Promise of Arab Spring Failing to Deliver for Middle-Eastern Women
The Arab Spring has, not for the first time in the history of Middle-Eastern protest movements, proven beyond doubt that the women of the region are willing to, and capable of, taking their equal place alongside men in society, in both their public and private lives.
Over the past months women have been participating in sit-ins and marches, from Tahrir Square, to Tunis, to Benghazi. Prominent young female activists, including Lina Ben Mhenni, author of the award-winning blog ‘Tunisian Girl’, and Gigi Ibrahim, the Egyptian social activist and blogger featured on the front cover of Time Magazine, are raising the profile of politically engaged women in the Middle East.
These are not isolated examples. Women can be seen chanting in groups, or with their husbands and children, in cities across the region, yet despite their wholehearted involvement in the Arab Spring they have continued to attract criticism and judgement from some male protestors and society as a whole for their disregard for traditional gender roles.
On March 8th when around 200 women gathered in Tahrir Square on International Women’s Day they were denied the right to freedom of expression. They were surrounded by a rival protest of men and attacked with insults including “This is against Islam”, “go home, go wash clothes” and “you are not married; go and find husbands”. The situation then turned violent. The women were outnumbered and set upon by the men, who pushed them to the ground, and in some cases subjected them to sexual harassment. Men who were sympathy-protesting with the women received similarly violent treatment. Military personnel stood by and failed to act.
The outrageous story of female protestors being subjected to virginity testing in March was responded to by an army official who justified the actions on the grounds that these women “were not like your daughter or mine. These were girls who had camped out in tents with male protesters.” Such comments as these reveal a deeply rooted attitude problem. The implication is that women must know their place, and that place is not to take part in political struggles.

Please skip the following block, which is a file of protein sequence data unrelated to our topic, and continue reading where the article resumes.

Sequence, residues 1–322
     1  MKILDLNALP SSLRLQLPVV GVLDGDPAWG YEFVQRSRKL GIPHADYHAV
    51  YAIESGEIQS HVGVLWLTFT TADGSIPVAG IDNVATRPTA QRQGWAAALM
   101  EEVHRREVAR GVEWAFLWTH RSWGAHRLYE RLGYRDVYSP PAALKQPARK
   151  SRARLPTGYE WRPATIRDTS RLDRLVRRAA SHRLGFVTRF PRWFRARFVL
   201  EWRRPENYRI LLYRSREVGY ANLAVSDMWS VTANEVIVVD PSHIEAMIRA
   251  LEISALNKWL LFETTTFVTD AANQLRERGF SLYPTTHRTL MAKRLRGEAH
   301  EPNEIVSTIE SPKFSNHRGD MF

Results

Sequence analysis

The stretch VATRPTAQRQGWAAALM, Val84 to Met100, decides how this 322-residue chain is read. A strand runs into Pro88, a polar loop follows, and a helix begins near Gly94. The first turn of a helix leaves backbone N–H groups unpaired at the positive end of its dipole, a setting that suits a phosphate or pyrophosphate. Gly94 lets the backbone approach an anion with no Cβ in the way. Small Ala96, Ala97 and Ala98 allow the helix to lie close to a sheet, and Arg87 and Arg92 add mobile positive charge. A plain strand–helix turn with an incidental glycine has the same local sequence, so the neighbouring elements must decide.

The problems women face in Egypt are both legally and culturally imposed. One of the most discriminatory aspects of Egyptian law has long been the Personal Status Law, which governs things such as marriage, divorce and child custody. These laws apply only to muslims (Coptic Christians have their own religious authorities to make rulings on similar disputes) are based primarily on Shari’a law, and are seriously prohibitive for women. According to personal status law a muslim women may not marry a non-muslim man, (although a muslim man may marry whomsoever he chooses) and the divorce proceedings when initiated by a women are cumbersome and difficult, while men need do little more than inform their wife of the fact.
Domestic violence is not designated as a separate crime from general physical assault, and the law allows for those who commit violent acts in “good faith” to be let off, as long as the injuries sustained by the victim are not serious. As a conservative reading of Shari’a law allows for the punishment of “disobedient women” with physical violence, this can often lead to a failure to convict.
A further legal injustice is the lenient approach the penal code takes towards honour-killings, where women are killed for bringing shame and disrepute on the family, often based on no more than rumour. The last available statistics are from 1995, and they estimate that 52 of the 819 murders committed that year were honour-killings. In many of these cases, sentences of only 6 months were given.
The Tunisian pre-revolutionary example of secularism is one that Egypt would do well to follow. Tunisia has long had the most progressive and liberal stance towards women in the region, thanks largely to their separation of church and state. In recent years successive steps have been taken to further improve women’s rights. Domestic violence has been criminalised, and carries a punishment of life imprisonment, on par with that of manslaughter, and harsher than the punishment for an ordinary assault and battery charge. Contraceptives have been made available, and since 1973, regulated abortion has been legal.